We are witnessing not merely the demise of institutional Catholicism at this point in history, but of institutional Christianity in general.  We are witnessing its demise in the sector of the globe--the developed North--in which it has long been dominant.  The mainstream churches are in death throes, and their death will become increasingly (and dramatically) evident in the decade ahead, as young people leave them in droves.

And what is taking the place of mainstream Christianity is highly ambivalent.  Though it is "successful" in terms of numbers, and, increasingly, in terms of political and economic clout, it departs from core affirmations of traditional Christianity which require the church to adopt a prophetic stance against economic and political systems that reduce human beings to the level of things.

When the church's authority rests primarily not on the power of its prophetic voice, but on its ability to coerce--on its fascist appeal to authority alone, in the face of reason and tradition that move in a direction opposite to that which church authority wishes to maintain--something very valuable is in danger of being lost in our culture.

Since I am living through this moment of transition in global Christianity, I am faced--along with all other believers--to respond.  To situate myself in the transition, and in response to it.

I can (and must) fight against the equation of Christian truth claims with a raw, coercive appeal to authority.  I can (and must) fight against the abdication of moral seriousness by many Christian leaders who are perfectly content to live in the belly of the economic and political beast.

But at the same time, faith is also about living, and I need to recover the balance point that permits me somehow to live gracefully--with a sense that my life is graced and full of gift and call--as I fight.  Because anyone fighting these cultural and religious currents today is almost certain to lose the battle.  We will lose not primarily because those urging mainstream churches to mute their prophetic witness in the face of what is happening economically at a global level are so powerful.  We will lose not merely because the right is powerful.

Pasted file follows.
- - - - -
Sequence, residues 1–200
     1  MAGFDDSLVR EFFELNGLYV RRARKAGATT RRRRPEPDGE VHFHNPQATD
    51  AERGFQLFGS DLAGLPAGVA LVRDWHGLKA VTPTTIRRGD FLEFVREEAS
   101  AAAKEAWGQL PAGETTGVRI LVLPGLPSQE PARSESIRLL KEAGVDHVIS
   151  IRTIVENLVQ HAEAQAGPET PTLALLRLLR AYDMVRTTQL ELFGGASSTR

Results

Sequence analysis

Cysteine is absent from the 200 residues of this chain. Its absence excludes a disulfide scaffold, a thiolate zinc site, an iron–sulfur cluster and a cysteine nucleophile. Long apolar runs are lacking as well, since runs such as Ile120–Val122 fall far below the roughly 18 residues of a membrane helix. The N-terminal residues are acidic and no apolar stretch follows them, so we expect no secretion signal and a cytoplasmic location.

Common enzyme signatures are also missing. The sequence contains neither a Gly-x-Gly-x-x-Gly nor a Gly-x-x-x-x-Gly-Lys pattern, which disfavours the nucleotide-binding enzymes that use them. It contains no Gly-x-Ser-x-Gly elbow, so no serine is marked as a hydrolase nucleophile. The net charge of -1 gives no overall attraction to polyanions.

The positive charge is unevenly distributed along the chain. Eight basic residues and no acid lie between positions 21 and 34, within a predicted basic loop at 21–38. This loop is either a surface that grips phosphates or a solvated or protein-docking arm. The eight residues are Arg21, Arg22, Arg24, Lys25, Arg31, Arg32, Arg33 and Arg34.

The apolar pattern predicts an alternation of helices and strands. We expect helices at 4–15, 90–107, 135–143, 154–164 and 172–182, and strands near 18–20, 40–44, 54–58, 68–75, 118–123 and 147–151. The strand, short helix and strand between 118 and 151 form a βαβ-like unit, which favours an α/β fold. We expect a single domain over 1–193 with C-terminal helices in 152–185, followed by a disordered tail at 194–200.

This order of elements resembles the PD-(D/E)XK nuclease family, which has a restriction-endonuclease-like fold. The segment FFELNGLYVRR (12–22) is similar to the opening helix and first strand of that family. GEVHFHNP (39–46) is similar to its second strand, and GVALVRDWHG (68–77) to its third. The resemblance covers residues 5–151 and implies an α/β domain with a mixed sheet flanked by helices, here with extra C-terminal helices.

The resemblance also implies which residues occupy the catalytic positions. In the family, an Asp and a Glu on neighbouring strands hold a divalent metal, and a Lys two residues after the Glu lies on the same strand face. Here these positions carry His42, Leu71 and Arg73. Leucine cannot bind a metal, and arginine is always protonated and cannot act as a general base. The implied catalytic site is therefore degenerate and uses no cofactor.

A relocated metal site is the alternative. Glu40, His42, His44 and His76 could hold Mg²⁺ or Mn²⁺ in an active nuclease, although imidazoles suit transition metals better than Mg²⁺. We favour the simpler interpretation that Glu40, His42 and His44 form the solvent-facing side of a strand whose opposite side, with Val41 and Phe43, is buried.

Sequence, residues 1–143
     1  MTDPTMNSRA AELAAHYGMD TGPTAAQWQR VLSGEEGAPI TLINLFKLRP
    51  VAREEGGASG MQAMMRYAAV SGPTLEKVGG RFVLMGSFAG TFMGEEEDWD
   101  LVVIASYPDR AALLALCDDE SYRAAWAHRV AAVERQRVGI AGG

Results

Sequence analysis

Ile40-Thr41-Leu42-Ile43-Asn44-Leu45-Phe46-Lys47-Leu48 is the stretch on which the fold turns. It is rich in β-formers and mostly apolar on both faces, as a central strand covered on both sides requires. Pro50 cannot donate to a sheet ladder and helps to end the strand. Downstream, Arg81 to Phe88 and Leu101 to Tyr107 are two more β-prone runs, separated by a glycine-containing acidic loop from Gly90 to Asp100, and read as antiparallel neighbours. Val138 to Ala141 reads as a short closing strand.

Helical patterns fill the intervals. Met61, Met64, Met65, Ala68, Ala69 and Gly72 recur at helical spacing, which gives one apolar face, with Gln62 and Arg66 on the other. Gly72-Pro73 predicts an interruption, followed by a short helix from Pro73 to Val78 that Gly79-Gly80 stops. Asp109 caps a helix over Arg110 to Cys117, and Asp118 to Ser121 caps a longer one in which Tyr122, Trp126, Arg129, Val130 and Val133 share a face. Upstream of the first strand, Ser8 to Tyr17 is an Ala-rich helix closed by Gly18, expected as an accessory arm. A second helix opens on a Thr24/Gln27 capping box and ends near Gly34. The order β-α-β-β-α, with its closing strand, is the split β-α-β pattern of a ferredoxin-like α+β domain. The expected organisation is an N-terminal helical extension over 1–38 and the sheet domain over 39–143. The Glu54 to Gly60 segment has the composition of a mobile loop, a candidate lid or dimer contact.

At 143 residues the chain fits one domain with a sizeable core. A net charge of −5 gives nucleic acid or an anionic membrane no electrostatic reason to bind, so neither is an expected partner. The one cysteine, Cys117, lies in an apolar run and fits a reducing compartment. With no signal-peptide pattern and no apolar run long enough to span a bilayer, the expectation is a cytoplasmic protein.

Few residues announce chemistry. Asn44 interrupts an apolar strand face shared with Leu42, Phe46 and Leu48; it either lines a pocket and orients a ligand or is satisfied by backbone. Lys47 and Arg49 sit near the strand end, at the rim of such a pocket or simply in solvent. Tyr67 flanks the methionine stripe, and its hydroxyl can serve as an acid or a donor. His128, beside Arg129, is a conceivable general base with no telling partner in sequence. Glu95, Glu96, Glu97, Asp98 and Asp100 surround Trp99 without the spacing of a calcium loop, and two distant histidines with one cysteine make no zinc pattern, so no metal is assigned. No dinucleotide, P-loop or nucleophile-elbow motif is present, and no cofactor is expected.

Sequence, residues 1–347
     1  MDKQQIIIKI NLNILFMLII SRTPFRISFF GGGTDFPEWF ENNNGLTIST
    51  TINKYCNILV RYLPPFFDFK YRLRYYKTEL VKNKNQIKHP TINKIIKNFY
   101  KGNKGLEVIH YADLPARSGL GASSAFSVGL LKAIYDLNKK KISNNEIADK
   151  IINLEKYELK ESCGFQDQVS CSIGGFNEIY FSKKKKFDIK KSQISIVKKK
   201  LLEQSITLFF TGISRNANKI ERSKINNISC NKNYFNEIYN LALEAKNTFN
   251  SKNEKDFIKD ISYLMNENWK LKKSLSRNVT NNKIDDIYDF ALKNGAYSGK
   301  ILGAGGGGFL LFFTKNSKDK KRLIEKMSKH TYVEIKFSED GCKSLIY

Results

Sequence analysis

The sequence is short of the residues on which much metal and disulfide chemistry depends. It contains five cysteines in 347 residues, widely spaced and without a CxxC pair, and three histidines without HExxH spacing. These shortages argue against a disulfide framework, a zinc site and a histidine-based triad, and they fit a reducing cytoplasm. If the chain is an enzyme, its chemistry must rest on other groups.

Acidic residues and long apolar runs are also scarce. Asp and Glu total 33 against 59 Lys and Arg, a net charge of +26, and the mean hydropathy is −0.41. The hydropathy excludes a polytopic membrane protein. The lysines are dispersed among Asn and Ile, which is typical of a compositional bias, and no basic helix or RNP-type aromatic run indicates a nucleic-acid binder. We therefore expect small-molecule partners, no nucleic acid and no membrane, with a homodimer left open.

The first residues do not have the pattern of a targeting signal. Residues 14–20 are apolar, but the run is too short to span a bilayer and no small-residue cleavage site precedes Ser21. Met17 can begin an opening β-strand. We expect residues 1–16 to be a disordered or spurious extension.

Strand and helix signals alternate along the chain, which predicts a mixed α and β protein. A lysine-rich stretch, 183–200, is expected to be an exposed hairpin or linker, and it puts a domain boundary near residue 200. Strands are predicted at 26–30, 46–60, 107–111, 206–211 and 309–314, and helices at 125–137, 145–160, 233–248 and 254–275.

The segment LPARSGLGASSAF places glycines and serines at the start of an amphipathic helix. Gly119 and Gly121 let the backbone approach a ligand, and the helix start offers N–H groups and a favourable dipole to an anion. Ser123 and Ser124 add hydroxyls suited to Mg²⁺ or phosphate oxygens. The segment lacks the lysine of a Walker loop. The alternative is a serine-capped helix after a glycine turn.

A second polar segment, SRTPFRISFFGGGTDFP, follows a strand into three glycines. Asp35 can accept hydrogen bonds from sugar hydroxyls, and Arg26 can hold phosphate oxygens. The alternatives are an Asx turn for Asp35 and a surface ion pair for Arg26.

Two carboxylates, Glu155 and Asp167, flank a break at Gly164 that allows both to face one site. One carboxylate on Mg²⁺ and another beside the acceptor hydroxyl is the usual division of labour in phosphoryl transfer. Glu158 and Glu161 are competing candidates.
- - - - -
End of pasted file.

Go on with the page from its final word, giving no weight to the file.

We will lose because of the indifference of the liberal center.

We will lose primarily because many of our brothers and sisters at the center do not care about what is happening, and do not intend to raise their voices.  They are the gatekeepers to the power circles that maintain the center's dominance, to the circles within which the church's witness is formulated in an official institutional sense.

And they do not intend to let certain voices, particularly those from the left of center, inside.

Last week, I endured taunts on one blog that ranged from telling me I'm a purveyor of hate to informing me that what I write is funnier than Letterman and that navel lint is more Catholic than I am.  But at the same time, I also found myself decisively slapped when I crossed lines invisible to me on one of the blogs of the Catholic center, where I had only begun to consider myself welcome enough to post comments.  I find myself given the message by my Catholic brothers and sisters of the right that I am immoral and bound for hell and by my Catholic brothers and sisters of the center that something about who I am, what I stand for, what I say and have to offer is distasteful.


And so I am spending these days discerning how best to use the time left to me, as I recognize that the exclusion will continue, and that, in the final analysis, nothing that I say can alter that reality.  And that my critics are right to this extent: I am only a very tiny and very replaceable cog in a wheel far larger than my own circumscribed existence--and a faulty cog at that.

I'll appreciate the prayers of readers who value prayer, or the supportive thoughts of those who prefer various paths of meditation.  I already appreciate and feel the prayers and support evident in the comments readers left at my last posting, and of those who have contacted me personally.

The graphic for this posting is from a photograph at Gibbs Cadiz's blog site, illustrating his account of his pilgrimage to San Juan Compostela.